Read the official press release or visit for more information.

Endoscopy-registry: international example for automatic data extraction

Endoscopy-registry: international example for automatic data extraction

This month, Gastrointestinal Endoscopy published an article about the successful automatic data extraction for the DGEA-registry (Dutch Gastrointestinal Endoscopy Audit). MRDM has been involved since the start in 2016, by developing and servicing the technical infrastructure. A collaboration was set-up with the three suppliers of endoscopy systems (RVC, Olympus, Chipsoft) in the Netherlands. The result is a fully automated data capture and transfer between the endoscopy systems and MRDM, where the data is processed and used in the clinical registry and dashboards (Codman).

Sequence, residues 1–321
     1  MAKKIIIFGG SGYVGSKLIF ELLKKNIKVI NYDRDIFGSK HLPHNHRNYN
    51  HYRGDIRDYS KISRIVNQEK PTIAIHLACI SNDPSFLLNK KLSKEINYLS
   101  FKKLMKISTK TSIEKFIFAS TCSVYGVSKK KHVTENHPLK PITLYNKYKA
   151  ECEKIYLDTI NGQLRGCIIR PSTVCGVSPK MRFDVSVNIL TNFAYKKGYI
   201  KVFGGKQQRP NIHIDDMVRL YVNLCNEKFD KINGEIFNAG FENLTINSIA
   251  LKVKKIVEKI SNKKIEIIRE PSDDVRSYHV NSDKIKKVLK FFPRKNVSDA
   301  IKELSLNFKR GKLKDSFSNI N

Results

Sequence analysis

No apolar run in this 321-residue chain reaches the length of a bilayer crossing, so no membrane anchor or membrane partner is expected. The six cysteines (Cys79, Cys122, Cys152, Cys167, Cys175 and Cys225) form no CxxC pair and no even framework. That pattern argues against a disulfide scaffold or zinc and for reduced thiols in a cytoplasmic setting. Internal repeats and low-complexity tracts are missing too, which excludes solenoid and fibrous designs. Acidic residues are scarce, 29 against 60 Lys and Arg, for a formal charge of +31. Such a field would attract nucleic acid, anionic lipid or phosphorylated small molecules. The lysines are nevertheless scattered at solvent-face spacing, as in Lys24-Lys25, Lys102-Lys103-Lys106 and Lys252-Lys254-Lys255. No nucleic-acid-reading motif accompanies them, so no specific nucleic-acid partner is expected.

The goal of the DGEA-registry is to gain insight into the quality of colonoscopies and to stimulate improvement of processes by providing a benchmark to the participating hospitals. Between 2016 and 2019, 48 hospitals have participated in the DGEA on a voluntary basis. Information about 313,511 colonoscopies was registered for 275,017 patients. The results of this study demonstrate that it is feasible to deploy a quality registry collecting uniform data, without additional administrative burden for healthcare professionals.

The DGEA is a textbook example of an outcome registry without additional administrative burden for the hospital. And that is exactly the goal of this publication, which has already led to international interest in the solution developed by MRDM. The article can be accessed via PubMed: